A nonprofit agency formally began the renovation yesterday of a vacant building in Northwest Washington that will become Lazarus House, providing long-term, affordable housing for some of the city's homeless men and women.

The $3.7 million project is believed to be the first in which the Washington business community, foundations and individuals have combined on a long-term solution for homelessness, said David Erickson, president of the nonprofit agency, Samaritan Inns Inc.

Once it is operating at capacity, Lazarus House is expected to support itself from rents received. It will require no additional funding to cover its $210,000 yearly operating budget.

"We wanted to try to create housing supported by the community itself," said K. Killian Noe, Lazarus House program director, at a groundbreaking ceremony attended by Jack Kemp, secretary of housing and urban development.

Gifts from the private sector and charities total $2 million. The agency is still seeking patrons to cover the rest of the cost. Developers A. James Clark of the Clark Construction Group and Oliver T. Carr Jr. of the Oliver Carr Co. each donated $500,000 to the project.

Lazarus House, at 2523 14th St. NW, is scheduled to open in April 1991. It will offer housing to 80 men and women who have previously lived in Samaritan Inns' group homes or similar establishments. Samaritan Inns runs three group homes in the District: two homes for men on Mozart Place NW and a home for pregnant women and new mothers at 1422 Harvard St. NW.

Residents "must have established six months of sobriety, have a commitment to drug- and alcohol-free living and to living cooperatively with others," Noe said. They also must be able to pay rent of about $240 a month.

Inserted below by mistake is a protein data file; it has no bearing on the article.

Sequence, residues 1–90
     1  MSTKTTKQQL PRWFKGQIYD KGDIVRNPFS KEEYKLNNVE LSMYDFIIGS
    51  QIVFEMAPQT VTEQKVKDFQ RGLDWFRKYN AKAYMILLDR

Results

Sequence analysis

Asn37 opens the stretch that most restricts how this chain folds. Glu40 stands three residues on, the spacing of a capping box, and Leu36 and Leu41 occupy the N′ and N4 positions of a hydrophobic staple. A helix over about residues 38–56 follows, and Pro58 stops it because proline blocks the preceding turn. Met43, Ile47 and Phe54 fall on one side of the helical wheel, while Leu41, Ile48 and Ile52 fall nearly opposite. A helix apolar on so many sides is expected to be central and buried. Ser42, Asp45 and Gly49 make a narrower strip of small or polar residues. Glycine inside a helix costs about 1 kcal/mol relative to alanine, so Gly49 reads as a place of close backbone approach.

Erickson says residents are expected to have jobs, and should be able to pay the monthly rent if they are making $6 to $7 an hour.

In a neighborhood that has been plagued with drugs and crime, Catherine Hammonds said she's glad Lazarus House will be there. "I'm glad to see something positive happening," she said. "I'm even more glad to see people bringing something to help strengthen the community."

But Dorothy A. Brizill of the Columbia Heights Neighborhood Coalition said her organization is concerned about the number of community facilities already in the area.

"Within 500 feet, there are already eight of these facilities," Brizill said. "Having an inordinate number of these homes takes away from the residential stock and has a tremendous impact on the residential character of the Columbia Heights community."

Lazarus House will provide an unusual type of single-room occupancy housing in which residents are grouped in six- to 10-person clusters and share a kitchen, living and dining room, laundry and bathrooms while having individual bedrooms.

Establishing a sense of community is "critical for people who are struggling," Erickson said. By providing cluster housing and access to several social service programs, Lazarus House "has designed into the structure a sense of family and community," he said.